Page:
It’s also worth noting that investing in the metaverse also means additional resources invested in issues like safety and security. For example, the $10 billion investment in Reality Labs that we have already announced will include spending on research to better understand how we can responsibly tackle safety and integrity challenges in the metaverse.
And, just like the rest of the internet, we expect that free things in the metaverse would likely be powered by ads while there would also be paid experiences that are ad-free.
This is a very long-term vision. It’s going to take investment over many years before the metaverse reaches scale.
Lately, fingers have been pointed at Facebook for inciting civil unrest in Africa and being ill-equipped to staff its Africa offices to properly regulate posts. How does Facebook plan to build the metaverse responsibly?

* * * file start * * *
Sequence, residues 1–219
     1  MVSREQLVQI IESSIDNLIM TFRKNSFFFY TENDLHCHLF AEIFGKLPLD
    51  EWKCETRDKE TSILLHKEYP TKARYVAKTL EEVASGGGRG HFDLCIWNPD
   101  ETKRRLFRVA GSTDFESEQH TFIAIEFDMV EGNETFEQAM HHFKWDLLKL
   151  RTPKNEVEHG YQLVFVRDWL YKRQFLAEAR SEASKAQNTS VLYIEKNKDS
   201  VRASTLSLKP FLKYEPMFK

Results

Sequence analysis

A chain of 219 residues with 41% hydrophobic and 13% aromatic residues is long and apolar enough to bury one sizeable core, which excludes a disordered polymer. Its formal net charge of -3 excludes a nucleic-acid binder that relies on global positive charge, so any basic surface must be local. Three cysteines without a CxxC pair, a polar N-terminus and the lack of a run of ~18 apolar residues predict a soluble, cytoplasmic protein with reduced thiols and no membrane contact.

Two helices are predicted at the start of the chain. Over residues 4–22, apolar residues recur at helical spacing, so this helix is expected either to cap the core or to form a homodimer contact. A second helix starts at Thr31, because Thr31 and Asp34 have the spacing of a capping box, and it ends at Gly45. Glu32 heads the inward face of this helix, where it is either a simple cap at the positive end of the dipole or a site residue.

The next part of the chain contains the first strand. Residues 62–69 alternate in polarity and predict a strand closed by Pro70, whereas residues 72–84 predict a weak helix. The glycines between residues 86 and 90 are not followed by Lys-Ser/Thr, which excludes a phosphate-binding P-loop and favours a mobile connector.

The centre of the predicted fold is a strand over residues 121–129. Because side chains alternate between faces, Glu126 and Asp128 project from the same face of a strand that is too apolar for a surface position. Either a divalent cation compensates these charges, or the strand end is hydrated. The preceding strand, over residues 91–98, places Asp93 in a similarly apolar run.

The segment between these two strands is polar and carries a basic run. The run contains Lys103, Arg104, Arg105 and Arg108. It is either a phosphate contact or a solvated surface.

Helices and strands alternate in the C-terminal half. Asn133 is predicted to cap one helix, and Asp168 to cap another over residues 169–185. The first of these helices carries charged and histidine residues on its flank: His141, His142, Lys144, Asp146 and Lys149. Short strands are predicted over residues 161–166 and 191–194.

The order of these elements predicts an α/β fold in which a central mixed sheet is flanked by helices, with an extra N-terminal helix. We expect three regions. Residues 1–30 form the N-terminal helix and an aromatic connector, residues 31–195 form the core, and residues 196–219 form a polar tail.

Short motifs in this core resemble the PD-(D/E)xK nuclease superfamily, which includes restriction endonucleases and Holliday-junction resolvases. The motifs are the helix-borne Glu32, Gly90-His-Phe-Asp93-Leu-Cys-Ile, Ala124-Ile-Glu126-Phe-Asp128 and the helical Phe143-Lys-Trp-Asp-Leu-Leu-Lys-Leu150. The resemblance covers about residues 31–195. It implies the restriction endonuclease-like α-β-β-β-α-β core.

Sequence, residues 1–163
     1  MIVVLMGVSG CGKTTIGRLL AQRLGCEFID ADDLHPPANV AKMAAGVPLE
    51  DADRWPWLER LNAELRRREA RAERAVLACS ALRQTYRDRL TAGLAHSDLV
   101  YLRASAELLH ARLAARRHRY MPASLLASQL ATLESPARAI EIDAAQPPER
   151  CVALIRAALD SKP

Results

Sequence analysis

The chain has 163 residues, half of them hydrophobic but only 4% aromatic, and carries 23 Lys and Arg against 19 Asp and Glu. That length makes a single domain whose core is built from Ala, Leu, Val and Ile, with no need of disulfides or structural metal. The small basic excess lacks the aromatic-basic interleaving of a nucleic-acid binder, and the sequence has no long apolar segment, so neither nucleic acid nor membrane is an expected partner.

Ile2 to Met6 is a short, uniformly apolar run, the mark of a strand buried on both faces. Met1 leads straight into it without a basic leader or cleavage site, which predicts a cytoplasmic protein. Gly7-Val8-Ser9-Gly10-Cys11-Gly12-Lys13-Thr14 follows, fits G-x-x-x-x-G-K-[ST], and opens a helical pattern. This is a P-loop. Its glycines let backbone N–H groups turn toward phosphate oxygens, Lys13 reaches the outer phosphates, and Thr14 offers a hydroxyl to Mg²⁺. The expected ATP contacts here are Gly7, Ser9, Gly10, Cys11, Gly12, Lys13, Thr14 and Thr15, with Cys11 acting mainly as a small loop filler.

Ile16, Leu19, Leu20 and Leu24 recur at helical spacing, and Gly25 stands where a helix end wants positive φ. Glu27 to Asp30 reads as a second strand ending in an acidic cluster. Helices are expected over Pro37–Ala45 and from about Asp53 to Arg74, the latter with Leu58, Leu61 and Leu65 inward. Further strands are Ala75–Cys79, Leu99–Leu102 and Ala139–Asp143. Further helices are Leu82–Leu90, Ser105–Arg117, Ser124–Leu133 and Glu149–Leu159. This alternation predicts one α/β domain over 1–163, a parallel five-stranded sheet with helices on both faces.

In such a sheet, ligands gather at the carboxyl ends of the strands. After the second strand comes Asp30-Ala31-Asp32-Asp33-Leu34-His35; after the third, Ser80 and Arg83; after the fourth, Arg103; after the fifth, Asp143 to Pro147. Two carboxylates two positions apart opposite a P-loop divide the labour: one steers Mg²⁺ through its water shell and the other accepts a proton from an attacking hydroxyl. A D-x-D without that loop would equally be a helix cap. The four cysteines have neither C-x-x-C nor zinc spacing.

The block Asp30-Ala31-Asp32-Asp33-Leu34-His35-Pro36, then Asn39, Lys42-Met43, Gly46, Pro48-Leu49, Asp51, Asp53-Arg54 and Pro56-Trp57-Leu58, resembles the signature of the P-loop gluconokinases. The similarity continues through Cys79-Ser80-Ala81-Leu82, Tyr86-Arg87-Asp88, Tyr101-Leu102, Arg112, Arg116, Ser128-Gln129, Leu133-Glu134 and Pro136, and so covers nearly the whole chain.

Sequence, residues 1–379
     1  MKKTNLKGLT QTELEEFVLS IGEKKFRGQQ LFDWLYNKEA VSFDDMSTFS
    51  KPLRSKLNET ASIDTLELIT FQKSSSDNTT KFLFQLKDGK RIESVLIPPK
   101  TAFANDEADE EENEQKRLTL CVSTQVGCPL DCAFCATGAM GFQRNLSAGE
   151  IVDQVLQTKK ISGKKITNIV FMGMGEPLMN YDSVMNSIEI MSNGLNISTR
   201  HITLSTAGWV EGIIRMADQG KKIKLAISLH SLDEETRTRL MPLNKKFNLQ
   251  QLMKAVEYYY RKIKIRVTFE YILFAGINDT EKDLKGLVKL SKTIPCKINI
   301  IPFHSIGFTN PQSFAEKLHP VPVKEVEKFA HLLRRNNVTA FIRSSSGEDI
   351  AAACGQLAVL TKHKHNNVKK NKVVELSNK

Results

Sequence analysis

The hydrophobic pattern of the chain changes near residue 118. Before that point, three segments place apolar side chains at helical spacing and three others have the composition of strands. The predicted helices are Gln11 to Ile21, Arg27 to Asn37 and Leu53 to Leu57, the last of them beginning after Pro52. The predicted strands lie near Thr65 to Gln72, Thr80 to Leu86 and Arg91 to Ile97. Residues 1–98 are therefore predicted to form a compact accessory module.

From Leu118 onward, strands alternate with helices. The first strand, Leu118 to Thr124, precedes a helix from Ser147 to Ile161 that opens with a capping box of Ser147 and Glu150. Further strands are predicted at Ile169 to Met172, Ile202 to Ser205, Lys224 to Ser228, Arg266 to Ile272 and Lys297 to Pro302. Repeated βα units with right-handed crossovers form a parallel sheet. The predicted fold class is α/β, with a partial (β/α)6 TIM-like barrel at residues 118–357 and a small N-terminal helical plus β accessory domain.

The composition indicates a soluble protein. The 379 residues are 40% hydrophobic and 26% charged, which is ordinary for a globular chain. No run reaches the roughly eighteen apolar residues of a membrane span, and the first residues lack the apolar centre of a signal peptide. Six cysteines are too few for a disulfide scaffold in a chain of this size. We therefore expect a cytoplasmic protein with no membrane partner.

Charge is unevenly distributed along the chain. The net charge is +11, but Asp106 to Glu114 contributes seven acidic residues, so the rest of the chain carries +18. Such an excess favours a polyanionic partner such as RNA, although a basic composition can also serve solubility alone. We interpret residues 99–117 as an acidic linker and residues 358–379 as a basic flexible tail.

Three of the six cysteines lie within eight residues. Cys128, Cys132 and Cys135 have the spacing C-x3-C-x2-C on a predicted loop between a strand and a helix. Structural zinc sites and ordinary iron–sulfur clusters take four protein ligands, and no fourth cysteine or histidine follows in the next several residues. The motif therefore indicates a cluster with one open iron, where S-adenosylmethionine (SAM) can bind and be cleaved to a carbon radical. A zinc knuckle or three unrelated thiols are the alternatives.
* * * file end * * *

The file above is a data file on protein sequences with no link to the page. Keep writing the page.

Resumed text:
Every day, our teams have to balance protecting the ability of billions of people to express themselves openly with the need to keep our platform a safe and positive place. We continue to make significant improvements to tackle the spread of misinformation and harmful content. To suggest we encourage bad content and do nothing is just not true.
We are on track to spend over $5 billion on safety and security in 2021 alone and have 40,000 people working on these issues, including 15,000 people who review content in more than 70 languages.
How we build is as important as what we build. And we will be collaborating at every stage—with other companies, developers, experts and policymakers—to make sure that what we build is good for the world.